Spike mutations impair neutralizing antibody potency
Using lentiviral pseudotyping we generated wild-type spike, spike(D796H, ΔH69/ΔV70) and single mutant spike proteins in enveloped virions to measure the neutralization activity of convalescent plasma against these viruses (Fig. 4). This system has been shown to give generally similar results to replication-competent viruses8,9. Spike protein from each mutant was detected in pelleted virions (Fig. 4a). We also used an HIV-1(p24) antibody to monitor the levels of lentiviral particle production (Fig. 4a and Supplementary Fig. 2). We then measured the infectivity of the pseudoviruses, correcting for virus input using measurements of the reverse transcriptase activity, and found that spike(ΔH69/ΔV70) appeared to have twofold higher infectivity over a single round of infection compared to wild-type spike (Fig. 4b and Extended Data Fig. 7). By contrast, the spike(D796H) single mutant had significantly lower infectivity compared to the wild-type spike protein and the double mutant (spike(D796H, ΔH69/ΔV70)) had a similar infectivity to wild-type spike (Fig. 4b and Extended Data Fig. 7).
We found that spike(D796H) alone and the spike(D796H, ΔH69/ΔV70) double mutant were less sensitive to neutralization by convalescent plasma samples (Fig. 4c–e and Extended Data Fig. 7). By contrast, the spike(ΔH69/ΔV70) single mutant did not reduce neutralization sensitivity. In addition, patient-derived serum from days 64 and 66 (one day before and after the infusion with the second convalescent plasma therapy) similarly showed lower potency against the spike(D796H, ΔH69/ΔV70) double mutant (Fig. 4f, g).
A panel of nineteen monoclonal antibodies isolated from three donors was previously identified to neutralize SARS-CoV-2. To establish whether the mutations that occurred in vivo (spike(D796H) and spike(ΔH69/ΔV70)) resulted in a global change in neutralization sensitivity, we tested neutralizing monoclonal antibodies targeting the seven major epitope clusters that have previously been described (excluding the non-neutralizing clusters II and V and the small (n ≤2) neutralizing clusters IV and X). The eight RBD-specific monoclonal antibodies (Extended Data Fig. 8) exhibited no major change in neutralization potency and the non-RBD-specific antibody COVA1-21 showed a 3–5-fold reduction in potency against spike(D796H, ΔH69/ΔV70) and spike(ΔH69/ΔV70), but not against spike(D796H) alone9 (Extended Data Fig. 8). We observed no differences in neutralization between single or double mutants and the wild-type spike protein, suggesting that the mechanism of escape was probably outside of these epitopes in the RBD. These data confirm the specificity of the findings from convalescent plasma and suggest that the observed mutations are related to antibodies that target regions outside of the RBD. Notably, spike(ΔH69/ΔV70)-containing viruses showed reduced neutralization sensitivity to the monoclonal antibody COVA1-21, targeting an as-yet undefined epitope outside of the RBD10.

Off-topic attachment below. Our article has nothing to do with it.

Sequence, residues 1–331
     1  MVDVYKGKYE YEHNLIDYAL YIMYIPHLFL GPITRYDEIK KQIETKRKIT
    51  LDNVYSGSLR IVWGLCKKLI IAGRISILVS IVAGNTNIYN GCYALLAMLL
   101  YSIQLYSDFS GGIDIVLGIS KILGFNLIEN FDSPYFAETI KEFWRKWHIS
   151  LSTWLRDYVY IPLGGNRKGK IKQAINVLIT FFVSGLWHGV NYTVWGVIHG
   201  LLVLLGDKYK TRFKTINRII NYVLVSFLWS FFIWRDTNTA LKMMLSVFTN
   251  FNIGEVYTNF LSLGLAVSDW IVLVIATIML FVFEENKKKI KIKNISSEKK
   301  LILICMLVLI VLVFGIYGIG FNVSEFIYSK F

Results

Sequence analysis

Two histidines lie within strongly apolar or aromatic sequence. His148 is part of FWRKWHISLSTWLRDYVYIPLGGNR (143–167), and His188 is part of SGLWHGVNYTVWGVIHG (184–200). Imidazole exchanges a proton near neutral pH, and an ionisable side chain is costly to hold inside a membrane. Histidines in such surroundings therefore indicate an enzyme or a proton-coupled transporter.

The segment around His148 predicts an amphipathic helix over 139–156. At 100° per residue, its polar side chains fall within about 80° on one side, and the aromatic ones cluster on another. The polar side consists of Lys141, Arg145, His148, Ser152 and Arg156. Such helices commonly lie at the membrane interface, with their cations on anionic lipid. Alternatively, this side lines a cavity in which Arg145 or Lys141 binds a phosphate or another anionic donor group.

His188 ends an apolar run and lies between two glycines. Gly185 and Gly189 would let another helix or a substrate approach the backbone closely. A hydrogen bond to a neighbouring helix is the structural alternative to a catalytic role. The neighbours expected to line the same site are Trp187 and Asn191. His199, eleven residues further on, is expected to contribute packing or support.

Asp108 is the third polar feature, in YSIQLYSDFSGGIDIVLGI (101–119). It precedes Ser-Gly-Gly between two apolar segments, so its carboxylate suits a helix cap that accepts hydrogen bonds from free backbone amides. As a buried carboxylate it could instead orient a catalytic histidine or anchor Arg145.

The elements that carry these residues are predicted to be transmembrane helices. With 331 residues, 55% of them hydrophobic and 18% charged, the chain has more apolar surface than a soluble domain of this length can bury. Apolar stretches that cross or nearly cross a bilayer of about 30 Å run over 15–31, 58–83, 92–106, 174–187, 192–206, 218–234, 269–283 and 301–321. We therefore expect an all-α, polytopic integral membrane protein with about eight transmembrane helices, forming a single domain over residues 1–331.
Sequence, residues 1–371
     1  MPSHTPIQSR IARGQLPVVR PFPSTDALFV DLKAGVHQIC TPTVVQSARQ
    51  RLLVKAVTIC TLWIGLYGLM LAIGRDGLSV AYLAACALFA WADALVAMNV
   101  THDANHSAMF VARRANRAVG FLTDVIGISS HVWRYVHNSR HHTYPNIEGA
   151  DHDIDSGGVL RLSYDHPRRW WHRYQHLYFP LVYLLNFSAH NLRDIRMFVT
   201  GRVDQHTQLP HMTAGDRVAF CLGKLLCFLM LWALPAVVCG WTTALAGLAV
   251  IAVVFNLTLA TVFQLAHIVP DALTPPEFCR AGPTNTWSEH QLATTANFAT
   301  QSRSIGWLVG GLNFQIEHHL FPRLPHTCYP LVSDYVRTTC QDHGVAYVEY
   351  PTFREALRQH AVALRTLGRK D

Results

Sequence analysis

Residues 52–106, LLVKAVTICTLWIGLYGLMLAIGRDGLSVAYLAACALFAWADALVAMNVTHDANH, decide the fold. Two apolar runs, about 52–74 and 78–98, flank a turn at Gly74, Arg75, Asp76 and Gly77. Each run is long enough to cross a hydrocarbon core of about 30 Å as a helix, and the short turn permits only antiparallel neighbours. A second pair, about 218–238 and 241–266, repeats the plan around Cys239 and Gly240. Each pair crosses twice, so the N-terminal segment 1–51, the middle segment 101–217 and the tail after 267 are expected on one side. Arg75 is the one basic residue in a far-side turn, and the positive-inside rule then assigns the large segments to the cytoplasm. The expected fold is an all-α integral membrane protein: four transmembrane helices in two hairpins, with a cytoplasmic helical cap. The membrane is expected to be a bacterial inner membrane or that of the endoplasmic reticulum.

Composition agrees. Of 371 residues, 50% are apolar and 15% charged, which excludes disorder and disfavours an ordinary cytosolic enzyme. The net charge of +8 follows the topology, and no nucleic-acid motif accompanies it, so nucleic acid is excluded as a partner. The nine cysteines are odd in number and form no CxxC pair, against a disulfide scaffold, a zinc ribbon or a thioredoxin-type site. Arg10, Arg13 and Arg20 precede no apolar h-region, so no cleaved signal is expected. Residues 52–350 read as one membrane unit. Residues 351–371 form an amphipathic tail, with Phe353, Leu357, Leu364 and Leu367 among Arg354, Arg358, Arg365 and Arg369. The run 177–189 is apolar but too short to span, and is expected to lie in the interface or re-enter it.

To understand how spike(ΔH69/ΔV70) and spike(D796H) might confer antibody resistance, we assessed how these mutations might affect the spike structure (Extended Data Fig. 9). We based this analysis primarily on a structure that lacked stabilizing modifications (PDB 6XR8)11, but also referred to stabilized structures determined at different pH values12. ΔH69/ΔV70 is located in a disordered, glycosylated loop at the distal surface of the NTD, near the binding site of polyclonal antibodies derived from COV57 plasma13,14 (Extended Data Fig. 9). As this loop is flexible and highly accessible, ΔH69/ΔV70 could in principle affect antibody binding in this region. D796 is located near the base of the spike protein, in a surface loop that is structurally disordered in the prefusion conformation and becomes part of a large disordered region in the post-fusion S2 trimer11 (Extended Data Fig. 9). The loop containing residue 796 is proposed to be targeted by antibodies15, despite mutations at position 796 being relatively uncommon (Extended Data Fig. 9). In the RBD-down spike structures11,12, D796 forms contacts with residues in the neighbouring protomer, including the glycosylated residue N709 (Extended Data Fig. 9).
Here we documented a repeated evolutionary response by SARS-CoV-2 in the presence of antibody therapy during the course of a persistent infection in an immunocompromised host. The observation of potential selection for specific variants coinciding with the presence of antibodies from convalescent plasma is supported by the experimental finding of the twofold reduced susceptibility of these viruses to convalescent plasma containing polyclonal antibodies. In this case, the emergence of the variant was not the primary reason for treatment failure.